before competing. As a bonus, many starches
    deliver fiber and assorted nutrients too. They
    are truly foods of substance filling yet low in
    fat.
  • Most nutritionists recommend that complex
    carbohydrates make up 50 to 60 of a teenager's
    caloric intake.
  • Simple carbs, on the other hand, seduce us with
    their sweet taste and a brief burst of energy but
    have little else to offer and should be minimized
    in the diet.

31
  • Dietary Fat
  • Fat should make up no more than 30 of the diet.
    Fat supplies energy and assists the body in
    absorbing the fat-soluble vitamins A, D, E, and
    K. But these benefits must be considered next to
    its many adverse effects on health. A teenager
    who indulges in a fat-heavy diet is going to put
    on weight, even if he's active.

32
  • Dietary fat contains varying proportions of three
    types
  • Monounsaturated fat the healthiest kind found
    in olives and olive oil peanuts, peanut oil and
    peanut butter cashews walnuts and walnut oil,
    and canola oil.
  • Polyunsaturated fat found in corn oil, safflower
    oil, sunflower oil, soybean oil, cottonseed oil,
    and sesame-seed oil.
  • Saturated fat is the most cholesterol laden of
    the three found in meat and dairy products like
    beef, pork, lamb, butter, cheese, cream, egg
    yolks, coconut oil, and palm oil.

33
  • Vitamins and Minerals
  • Adolescents tend to most often fall short of
    their daily quotas of calcium, iron, zinc, and
    vitamin D.
  • Unless blood tests and a pediatrician's
    evaluation reveal a specific deficiency, it's
    preferable to obtain nutrients from food instead
    of from dietary supplements.

34
SEXUAL EDUCATION
  • Adolescent girls should be at the heart of a
    life course approacha young adolescent girl is
    still a child, but often she will soon become a
    mother. Adolescent pregnancy is associated with
    higher risk of maternal mortality and morbidity,
    stillbirths, neonatal deaths, preterm births, and
    low birth weight. In addition to actions to
    prevent adolescent pregnancy and encourage
    pregnancy spacing, efforts are required to ensure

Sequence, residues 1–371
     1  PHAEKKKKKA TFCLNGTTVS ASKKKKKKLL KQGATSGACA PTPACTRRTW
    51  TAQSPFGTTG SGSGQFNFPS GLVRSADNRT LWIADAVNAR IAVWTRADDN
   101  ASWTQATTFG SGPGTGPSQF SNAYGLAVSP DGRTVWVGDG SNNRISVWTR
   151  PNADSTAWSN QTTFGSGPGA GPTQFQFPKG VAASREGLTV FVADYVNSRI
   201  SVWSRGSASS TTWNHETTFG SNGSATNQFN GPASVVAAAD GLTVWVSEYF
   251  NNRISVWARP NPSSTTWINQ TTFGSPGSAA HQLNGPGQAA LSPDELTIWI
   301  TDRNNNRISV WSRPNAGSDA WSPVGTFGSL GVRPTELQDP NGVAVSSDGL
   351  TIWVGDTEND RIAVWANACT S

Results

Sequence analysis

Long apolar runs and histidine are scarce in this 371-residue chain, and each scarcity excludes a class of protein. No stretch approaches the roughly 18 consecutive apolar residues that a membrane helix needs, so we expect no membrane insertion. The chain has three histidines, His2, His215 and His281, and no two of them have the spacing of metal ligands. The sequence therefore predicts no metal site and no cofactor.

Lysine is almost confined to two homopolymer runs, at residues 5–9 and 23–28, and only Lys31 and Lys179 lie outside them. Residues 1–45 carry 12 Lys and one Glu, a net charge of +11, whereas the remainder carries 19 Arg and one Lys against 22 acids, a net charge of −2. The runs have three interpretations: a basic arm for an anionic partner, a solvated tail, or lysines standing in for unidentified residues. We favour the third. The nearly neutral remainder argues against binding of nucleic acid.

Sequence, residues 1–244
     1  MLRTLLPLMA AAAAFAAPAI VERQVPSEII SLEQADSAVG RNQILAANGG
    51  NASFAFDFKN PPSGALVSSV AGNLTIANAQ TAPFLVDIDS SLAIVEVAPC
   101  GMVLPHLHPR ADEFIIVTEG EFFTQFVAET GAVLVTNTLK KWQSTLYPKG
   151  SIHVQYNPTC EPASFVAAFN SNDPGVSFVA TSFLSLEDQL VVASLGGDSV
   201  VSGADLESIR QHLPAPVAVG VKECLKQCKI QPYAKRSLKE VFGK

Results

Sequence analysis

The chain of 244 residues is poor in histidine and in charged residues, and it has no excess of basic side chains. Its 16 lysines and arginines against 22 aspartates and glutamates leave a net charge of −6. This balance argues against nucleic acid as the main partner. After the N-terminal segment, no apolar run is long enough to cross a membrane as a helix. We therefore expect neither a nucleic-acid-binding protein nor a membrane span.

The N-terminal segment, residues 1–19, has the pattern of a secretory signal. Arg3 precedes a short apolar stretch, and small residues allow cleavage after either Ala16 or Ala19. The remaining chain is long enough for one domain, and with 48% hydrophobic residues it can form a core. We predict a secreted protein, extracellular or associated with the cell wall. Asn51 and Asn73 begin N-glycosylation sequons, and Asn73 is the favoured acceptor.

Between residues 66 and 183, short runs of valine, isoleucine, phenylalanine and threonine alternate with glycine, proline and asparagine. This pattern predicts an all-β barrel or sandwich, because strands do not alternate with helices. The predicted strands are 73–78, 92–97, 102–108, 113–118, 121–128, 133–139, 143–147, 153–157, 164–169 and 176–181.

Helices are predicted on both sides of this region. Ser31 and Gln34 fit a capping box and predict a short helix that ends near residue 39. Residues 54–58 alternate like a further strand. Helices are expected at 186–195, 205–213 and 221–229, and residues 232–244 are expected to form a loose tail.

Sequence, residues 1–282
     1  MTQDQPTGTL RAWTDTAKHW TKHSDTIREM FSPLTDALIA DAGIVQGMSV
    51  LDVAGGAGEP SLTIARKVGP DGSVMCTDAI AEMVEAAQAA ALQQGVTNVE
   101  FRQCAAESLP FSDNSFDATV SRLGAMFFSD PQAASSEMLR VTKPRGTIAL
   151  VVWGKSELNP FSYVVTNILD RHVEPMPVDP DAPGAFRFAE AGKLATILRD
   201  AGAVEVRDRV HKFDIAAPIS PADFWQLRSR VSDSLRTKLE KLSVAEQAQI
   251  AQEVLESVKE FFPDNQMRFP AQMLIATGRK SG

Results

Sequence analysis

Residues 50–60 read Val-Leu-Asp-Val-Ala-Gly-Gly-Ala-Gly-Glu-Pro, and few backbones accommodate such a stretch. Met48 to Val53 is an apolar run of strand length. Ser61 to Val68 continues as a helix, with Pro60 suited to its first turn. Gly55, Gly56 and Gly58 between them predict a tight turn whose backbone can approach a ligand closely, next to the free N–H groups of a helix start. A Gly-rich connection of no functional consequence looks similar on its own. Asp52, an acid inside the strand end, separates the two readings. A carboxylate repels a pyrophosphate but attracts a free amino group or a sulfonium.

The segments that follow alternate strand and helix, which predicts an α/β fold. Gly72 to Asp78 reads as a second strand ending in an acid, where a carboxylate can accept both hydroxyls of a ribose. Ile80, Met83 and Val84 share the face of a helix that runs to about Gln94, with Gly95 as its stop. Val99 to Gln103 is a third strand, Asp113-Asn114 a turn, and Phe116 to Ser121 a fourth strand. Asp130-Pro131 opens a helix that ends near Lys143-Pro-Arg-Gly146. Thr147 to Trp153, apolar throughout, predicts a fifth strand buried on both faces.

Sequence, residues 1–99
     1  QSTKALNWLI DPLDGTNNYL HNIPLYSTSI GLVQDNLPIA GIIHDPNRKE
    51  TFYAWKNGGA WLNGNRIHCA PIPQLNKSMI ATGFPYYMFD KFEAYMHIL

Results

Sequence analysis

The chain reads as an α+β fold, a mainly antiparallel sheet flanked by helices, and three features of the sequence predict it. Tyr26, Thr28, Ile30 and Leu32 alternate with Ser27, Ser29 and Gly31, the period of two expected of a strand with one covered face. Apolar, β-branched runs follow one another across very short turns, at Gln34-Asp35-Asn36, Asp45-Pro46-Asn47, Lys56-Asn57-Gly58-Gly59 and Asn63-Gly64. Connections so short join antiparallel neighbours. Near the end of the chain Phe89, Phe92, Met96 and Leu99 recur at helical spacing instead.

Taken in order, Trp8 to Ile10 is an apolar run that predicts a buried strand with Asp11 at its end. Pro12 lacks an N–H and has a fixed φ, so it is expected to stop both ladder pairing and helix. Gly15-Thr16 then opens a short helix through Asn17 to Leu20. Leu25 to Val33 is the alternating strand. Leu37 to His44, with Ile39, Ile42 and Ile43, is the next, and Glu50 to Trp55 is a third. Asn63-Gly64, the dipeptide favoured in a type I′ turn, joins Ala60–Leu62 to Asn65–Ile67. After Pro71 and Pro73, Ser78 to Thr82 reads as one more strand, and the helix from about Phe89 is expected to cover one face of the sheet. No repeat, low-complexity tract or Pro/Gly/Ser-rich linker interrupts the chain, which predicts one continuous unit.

that pregnant and lactating teenage mothers are
    adequately nourished.

35
  • Psychological and social aspects of adolescents
    development are less often described in
    connection with adolescent health than their
    physical growth and maturation characteristics.
  • Girls aged between 12-14 years are more likely to
    be talked or forced into having unplanned and
    unprotected sex giving way to teenage
    pregnancies. About two thirds of teen pregnancies
    occur in girls aged between 18-19 years.

36
CERVICAL CANCER VACCINATION
  • Cervical cancer is one of the most common cancers
    in females in our country. The main causative
    agent for most these cancers are due to HPV. It
    is a cancer which affects the females of later
    age group. Primary prevention for this cancer is
    possible through the HPV vaccine. Young girls in
    the age group of 11-13 are advised to take this
    vaccine in order to protect them from cervical
    cancer at later age.

37
  • One can get HPV from sexual contact, including
    vaginal, oral, and anal sex. Most people infected
    with HPV don't know they have it because they
    don't notice any signs or problems. People do not
    always develop genital warts, but the virus
    is still in their system and it could be causing
    damage. This means that people with HPV can pass
    the infection to others without knowing it.
  • Because HPV can cause problems like genital warts
    and some kinds of cancer, a vaccine is an
    important step in preventing infection and
    protecting against the spread of HPV.

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END NOTE
  • The health and nutrition statuses of women and
    children are intimately linked. Improving the
    health of women and children, therefore, begins
    with ensuring the health and nutritional status
    of women throughout all stages of life, and it
    continues with women being providers for their
    children and families.